Edward Richards, a Louisiana State University law professor who wasn’t involved with the new analysis, said it would be valuable for other researchers because it provides a new list of instances of managed retreat. “It’s been very difficult for any of us who are interested in this to get a comprehensive list,” he said.

The analysis showed that U.S. programs that subsidize flood insurance and promote coastal rebuilding after disasters are unusual when compared with some other regions, keeping people and property in harm’s way, even as flooding gets worse.

“We basically subsidize people to stay in the high risk area,” Richards said. “We would profoundly change the incentive if the flood insurance program provided positive incentives to relocate.”

*On April 22 Bloomberg.com published an Earth Day essay by Faye Flam that describes climate change throughout the history of life on Earth. Not a reassuring piece.

**As advocated by former Congressman Billy Tauzin, an opponent of sediment diversions.

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  1. Anonymous says:

    Is there a graph which illustrates the Environmentalwackoocene Era and the Gotothemoonocene Era?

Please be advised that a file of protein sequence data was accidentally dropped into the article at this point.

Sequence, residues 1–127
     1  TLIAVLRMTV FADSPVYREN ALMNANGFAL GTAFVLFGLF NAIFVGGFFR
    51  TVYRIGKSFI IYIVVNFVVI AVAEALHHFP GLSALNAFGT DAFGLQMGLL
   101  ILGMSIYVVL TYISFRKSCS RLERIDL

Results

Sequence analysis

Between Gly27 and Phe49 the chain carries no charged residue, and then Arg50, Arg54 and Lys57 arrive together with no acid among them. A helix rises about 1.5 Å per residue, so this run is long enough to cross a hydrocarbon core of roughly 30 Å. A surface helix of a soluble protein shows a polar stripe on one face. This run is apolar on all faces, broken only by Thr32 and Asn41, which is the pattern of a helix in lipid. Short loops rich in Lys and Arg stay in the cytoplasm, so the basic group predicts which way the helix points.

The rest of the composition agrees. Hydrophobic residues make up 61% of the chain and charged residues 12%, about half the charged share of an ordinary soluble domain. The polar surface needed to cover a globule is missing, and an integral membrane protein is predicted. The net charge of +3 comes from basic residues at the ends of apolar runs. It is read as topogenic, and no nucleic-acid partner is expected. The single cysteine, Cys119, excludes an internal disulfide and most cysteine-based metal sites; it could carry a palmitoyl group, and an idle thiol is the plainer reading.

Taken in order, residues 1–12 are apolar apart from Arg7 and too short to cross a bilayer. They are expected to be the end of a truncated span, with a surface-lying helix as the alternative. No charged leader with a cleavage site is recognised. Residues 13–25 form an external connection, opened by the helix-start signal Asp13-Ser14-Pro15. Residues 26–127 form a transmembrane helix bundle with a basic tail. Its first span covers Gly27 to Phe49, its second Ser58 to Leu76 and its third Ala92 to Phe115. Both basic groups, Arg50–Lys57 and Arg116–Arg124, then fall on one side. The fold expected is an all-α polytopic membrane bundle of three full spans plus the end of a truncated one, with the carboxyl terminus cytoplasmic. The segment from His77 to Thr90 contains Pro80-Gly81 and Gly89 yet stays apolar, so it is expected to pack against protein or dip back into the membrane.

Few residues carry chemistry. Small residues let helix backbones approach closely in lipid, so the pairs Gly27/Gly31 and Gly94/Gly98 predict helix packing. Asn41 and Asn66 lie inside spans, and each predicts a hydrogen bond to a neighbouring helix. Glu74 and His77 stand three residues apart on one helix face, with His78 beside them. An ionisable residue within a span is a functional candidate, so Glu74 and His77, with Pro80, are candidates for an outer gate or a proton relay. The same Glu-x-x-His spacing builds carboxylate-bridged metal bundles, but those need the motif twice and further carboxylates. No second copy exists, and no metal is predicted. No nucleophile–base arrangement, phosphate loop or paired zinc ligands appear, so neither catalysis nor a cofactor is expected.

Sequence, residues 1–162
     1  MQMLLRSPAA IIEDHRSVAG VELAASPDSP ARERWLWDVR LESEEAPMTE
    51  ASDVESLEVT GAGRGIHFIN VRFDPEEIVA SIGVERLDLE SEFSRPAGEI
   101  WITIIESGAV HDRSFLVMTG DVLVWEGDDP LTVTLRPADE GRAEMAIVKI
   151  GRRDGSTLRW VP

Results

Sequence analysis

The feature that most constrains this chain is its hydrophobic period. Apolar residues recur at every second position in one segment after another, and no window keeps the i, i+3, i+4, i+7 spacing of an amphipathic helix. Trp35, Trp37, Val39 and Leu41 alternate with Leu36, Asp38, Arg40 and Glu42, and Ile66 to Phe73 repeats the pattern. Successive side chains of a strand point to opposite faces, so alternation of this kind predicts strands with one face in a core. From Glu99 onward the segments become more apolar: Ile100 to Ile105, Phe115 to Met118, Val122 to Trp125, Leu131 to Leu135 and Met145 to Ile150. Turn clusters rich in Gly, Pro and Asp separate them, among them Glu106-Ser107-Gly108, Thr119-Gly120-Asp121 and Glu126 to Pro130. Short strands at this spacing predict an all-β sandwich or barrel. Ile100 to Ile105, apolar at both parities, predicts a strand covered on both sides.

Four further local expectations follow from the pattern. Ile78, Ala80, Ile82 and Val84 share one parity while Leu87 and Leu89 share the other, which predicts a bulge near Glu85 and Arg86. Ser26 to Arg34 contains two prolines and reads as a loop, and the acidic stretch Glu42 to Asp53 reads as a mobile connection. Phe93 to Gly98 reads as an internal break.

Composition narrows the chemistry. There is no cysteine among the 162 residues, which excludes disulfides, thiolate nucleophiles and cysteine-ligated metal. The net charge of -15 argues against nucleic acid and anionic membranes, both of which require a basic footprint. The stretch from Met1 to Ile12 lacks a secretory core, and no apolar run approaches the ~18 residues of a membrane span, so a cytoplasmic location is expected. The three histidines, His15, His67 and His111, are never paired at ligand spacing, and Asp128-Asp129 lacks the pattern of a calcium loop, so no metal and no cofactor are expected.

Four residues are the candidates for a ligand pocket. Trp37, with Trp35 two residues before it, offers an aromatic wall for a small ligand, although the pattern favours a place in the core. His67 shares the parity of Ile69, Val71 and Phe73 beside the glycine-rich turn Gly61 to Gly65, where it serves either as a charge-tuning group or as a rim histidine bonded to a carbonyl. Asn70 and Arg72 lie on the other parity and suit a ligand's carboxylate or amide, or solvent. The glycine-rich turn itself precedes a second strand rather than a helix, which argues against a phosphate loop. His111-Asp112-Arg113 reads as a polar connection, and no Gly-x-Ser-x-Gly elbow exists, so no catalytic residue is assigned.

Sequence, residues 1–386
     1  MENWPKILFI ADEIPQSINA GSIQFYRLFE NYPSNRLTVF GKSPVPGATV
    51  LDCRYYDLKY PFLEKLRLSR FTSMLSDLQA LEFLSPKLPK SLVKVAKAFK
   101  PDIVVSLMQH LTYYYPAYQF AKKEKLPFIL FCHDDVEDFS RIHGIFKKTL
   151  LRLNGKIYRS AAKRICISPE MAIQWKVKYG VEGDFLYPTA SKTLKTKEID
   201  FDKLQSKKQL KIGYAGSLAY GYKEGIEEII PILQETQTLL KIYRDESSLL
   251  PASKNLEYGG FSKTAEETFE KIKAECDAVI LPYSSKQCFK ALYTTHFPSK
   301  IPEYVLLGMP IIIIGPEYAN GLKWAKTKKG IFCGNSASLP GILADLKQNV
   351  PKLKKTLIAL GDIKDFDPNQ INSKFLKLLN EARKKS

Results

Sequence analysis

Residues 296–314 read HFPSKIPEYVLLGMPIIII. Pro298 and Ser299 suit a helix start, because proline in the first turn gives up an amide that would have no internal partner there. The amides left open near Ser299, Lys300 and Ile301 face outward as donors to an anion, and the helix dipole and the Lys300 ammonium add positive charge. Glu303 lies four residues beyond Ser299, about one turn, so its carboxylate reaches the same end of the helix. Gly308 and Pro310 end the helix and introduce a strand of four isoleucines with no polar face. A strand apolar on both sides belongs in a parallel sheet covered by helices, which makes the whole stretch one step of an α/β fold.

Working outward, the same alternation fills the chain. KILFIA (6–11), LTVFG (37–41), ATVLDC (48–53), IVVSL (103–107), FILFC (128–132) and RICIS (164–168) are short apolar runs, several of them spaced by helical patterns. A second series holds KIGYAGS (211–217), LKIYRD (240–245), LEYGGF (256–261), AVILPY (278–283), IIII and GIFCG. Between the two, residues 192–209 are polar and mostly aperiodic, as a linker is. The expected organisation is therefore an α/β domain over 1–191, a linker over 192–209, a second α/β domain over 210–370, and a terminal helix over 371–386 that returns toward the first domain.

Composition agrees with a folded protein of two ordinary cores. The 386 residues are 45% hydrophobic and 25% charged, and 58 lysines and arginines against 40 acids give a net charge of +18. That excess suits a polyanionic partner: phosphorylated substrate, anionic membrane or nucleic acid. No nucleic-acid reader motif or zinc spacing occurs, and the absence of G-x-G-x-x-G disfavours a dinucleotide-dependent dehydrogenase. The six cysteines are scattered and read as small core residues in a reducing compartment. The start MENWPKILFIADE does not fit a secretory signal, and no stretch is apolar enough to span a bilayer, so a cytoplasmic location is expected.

2. On April 19 motherjones.com published an essay by Oliver Milman on the possible pull out of the U.S. government from the Paris Climate agreement. Very sad. http://www.motherjones.com/environment/2017/04/trump-aides-postpone-meeting-paris-climate-deal

  3. Kelly Haggar says:

    “Coastal Restoration: The Next Wave” will air statewide this Wed at 7 p.m. on LPB in Baton Rouge and in New Orleans on WLAE.

    The four panelists are:

    * Johnny Bradberry; Governor’s Executive Assistant For Coastal Activities/Coastal Protection And Restoration Authority
    * Denise Reed, Ph.D.; VP For Strategic Research Initiatives/The Water Institute Of The Gulf
    * Captain George Ricks; Charter Boat Captain and President of the Save Louisiana Coalition
    * Mark Schleifstein; Environment Reporter for NOLA.com & The Times-Picayune

    A varied audience will be asking the panelists questions. Y’all tune in!